Photoaging: The premature aging process of the skin

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Photoaging Woman

Photoaging is the premature aging of the skin caused by repeated exposure to ultraviolet (UV) radiation, mainly from the sun but also from artificial sources such as tanning beds.

It appears on the most visible parts of the body, face, neck and arms, while in women another area is the exposed upper chest. Lips can also show signs of excessive sun damage. With continuous exposure to UV for several years, wrinkles around the eyes and mouth increase in number and become deep folds.

The signs of photoaging

Photoaging appears as:

Wrinkles, loss of volume, relaxation and vascular disorders.
Arachnoid veins in the nose, cheeks and neck.
Various colored spots, such as freckles and uneven skin color.
General skin tone loss.
Red, scaly spots called radial keratoses (because they are related to the sun).

Ultraviolet radiation

UV is essentially UVA (320-400 nm) and UVB (290-320 nm). In general, UVB is thought to cause burns while UVA ages the skin but there is significant discovery in the damage caused by both categories.

UVB only penetrates the skin, the outer layer of the skin. It does not damage the blood vessels because they do not exist in the skin but it directly damages the DNA of the surface cells. This can lead to early signs of photoaging and over time, precancerous cells and cancers that start on the skin, such as melanoma, can develop. It does not penetrate through the window panes and part of it is filtered by the clouds.

UVA, while blamed for less dangerous skin cancers, also destroys the skin and penetrates deeper into the skin. It damages not only the epidermal cells but also the collagen and elastin that make up the structure of the skin and maintain the elasticity of the skin. It also damages blood vessels. UVA is the one most responsible for photoaging because it penetrates deeper into the skin [1]. It also penetrates through windows and clouds and is 10-100 times more abundant in sunlight than UVB, depending on the season and time of day. One of the main ways UVA works is to create oxidative stress that also indirectly damages DNA. With constant exposure to UVA – even behind the car window – the size of the skin layer is reduced as is the elasticity of the skin.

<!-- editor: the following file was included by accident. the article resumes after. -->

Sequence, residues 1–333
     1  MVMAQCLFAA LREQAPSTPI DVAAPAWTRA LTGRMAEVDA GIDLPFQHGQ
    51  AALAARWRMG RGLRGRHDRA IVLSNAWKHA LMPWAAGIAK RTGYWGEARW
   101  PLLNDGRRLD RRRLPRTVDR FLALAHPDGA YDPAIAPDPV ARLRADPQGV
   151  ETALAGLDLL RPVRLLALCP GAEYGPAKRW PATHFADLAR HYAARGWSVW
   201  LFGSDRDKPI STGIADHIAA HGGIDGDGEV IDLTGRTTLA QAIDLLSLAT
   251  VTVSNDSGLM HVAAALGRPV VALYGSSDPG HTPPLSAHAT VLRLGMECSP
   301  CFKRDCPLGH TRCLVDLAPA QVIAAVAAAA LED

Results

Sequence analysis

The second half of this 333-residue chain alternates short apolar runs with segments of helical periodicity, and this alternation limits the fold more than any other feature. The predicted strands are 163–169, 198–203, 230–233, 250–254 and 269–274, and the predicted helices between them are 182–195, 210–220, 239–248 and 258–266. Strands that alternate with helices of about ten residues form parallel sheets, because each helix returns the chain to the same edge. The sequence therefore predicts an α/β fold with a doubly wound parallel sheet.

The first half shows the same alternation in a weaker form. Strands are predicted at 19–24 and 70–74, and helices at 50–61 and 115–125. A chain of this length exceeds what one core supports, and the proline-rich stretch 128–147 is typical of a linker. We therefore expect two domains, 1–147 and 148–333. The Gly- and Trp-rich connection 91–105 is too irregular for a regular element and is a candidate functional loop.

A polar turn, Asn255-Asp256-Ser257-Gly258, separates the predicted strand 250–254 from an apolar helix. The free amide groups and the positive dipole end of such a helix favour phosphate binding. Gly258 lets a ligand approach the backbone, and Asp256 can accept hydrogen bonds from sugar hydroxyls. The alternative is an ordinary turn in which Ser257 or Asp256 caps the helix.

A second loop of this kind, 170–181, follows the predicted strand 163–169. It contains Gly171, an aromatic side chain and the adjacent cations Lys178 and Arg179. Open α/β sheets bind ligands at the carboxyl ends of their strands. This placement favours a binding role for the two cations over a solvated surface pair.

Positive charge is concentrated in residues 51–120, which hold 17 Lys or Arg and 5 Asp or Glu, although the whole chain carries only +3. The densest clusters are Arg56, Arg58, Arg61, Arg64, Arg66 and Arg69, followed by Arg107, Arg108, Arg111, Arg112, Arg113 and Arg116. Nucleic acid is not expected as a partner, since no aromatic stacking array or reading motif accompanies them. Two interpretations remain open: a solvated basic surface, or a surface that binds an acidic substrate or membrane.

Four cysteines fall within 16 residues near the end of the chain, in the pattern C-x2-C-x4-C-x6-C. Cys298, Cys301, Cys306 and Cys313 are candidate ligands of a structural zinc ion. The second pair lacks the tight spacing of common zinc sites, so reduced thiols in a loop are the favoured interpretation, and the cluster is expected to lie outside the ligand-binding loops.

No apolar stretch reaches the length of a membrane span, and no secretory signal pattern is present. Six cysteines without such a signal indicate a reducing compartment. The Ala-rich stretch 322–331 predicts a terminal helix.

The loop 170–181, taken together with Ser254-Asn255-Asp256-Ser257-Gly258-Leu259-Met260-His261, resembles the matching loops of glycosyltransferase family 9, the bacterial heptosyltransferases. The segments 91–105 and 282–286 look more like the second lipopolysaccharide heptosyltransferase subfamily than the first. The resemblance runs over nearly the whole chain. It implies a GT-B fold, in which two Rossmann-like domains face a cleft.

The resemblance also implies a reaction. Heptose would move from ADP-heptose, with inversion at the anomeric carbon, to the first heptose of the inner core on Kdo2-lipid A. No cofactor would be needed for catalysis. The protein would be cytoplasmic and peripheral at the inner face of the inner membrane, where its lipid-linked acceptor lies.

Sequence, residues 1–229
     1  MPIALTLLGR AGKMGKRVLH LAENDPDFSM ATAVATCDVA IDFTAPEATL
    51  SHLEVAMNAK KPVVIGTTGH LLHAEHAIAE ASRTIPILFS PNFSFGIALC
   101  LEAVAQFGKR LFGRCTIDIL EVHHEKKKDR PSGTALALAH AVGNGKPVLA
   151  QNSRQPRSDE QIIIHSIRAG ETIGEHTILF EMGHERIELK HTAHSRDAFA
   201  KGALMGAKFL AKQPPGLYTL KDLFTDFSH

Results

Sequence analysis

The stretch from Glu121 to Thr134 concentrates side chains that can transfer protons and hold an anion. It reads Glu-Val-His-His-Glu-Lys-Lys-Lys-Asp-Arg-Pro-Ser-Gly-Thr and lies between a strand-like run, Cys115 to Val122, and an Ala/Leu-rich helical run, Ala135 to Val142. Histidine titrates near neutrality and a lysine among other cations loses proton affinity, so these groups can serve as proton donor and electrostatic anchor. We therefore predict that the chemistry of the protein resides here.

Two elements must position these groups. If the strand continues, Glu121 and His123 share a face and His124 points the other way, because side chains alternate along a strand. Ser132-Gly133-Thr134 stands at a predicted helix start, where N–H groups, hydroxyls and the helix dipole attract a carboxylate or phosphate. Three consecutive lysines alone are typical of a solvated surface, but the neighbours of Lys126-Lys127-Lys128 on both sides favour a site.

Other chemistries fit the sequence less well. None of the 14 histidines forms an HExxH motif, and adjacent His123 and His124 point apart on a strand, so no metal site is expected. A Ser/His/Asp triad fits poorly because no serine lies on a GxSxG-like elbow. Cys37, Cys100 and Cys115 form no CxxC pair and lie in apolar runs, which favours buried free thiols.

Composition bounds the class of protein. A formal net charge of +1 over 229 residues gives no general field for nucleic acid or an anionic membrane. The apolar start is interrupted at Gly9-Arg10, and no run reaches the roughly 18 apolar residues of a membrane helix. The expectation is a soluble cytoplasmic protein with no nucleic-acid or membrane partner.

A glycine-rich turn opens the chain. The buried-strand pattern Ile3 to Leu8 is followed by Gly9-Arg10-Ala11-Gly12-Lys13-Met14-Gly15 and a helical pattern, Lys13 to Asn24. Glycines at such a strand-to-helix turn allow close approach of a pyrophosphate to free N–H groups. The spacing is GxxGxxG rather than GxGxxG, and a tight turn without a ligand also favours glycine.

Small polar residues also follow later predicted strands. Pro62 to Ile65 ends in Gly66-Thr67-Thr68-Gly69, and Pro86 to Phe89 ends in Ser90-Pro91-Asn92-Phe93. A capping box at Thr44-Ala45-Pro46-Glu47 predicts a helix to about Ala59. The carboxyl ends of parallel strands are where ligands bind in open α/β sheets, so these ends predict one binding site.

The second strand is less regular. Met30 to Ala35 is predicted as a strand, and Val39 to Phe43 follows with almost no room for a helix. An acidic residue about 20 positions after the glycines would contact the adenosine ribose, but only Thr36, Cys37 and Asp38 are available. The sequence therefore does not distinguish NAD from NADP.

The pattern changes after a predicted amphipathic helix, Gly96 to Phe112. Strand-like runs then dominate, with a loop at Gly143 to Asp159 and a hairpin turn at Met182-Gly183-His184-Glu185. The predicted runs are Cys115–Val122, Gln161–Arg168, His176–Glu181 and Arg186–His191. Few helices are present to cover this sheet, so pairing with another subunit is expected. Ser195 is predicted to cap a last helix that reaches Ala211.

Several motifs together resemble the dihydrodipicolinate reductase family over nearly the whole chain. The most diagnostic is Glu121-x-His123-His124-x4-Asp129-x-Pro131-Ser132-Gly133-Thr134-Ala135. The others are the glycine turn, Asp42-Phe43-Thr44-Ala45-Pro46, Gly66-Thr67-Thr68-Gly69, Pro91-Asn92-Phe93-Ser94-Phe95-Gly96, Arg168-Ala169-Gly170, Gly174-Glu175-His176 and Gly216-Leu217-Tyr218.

For sun-exposed skin, up to 90% of aging is due to ultraviolet radiation. Compare your skin to an area that is rarely exposed to the sun with your hands and you will see the difference in tone, color and texture. People with fair skin are at greatest risk, however, photoaging can be avoided with good sun protection habits.

How can I prevent photoaging?

  • Protect your skin as best you can while you’re out, especially between 11 a.m. and 3 p.m. when the sun’s UV rays are stronger. Look for shade whenever possible.
  • Wear clothes that cover your skin, hat and glasses as much as possible. Exposure to the sun can lead to many eye conditions, such as cataracts. Contact lenses can also provide photoprotection for the eye lens [2].
  • Put on sunscreen every day and not just during periods of significant sun exposure. Sunscreen is one of the best anti-wrinkle creams.
  • For better photoprotection, apply a broad-spectrum sunscreen (minimum SPF 30) that protects against UVB and UVA. Apply again after swimming or strenuous exercise. Protect your face, ears, neck and arms well. These areas are more exposed and are the first to be damaged. Women should also include exposed upper breasts. Lips are also prone to photoaging.
  • Use cosmetics such as moisturizer, lipstick, hand cream and body lotion that contain SPF 30. These should be used in addition to the broad-spectrum sunscreen.
  • Avoid artificial tanning indoors.


At you will find a wide variety of face sunscreens!


  1. New Insights in Photoaging, UVA Induced Damage and Skin Types.
  2. Sunscreens And Photoprotection.



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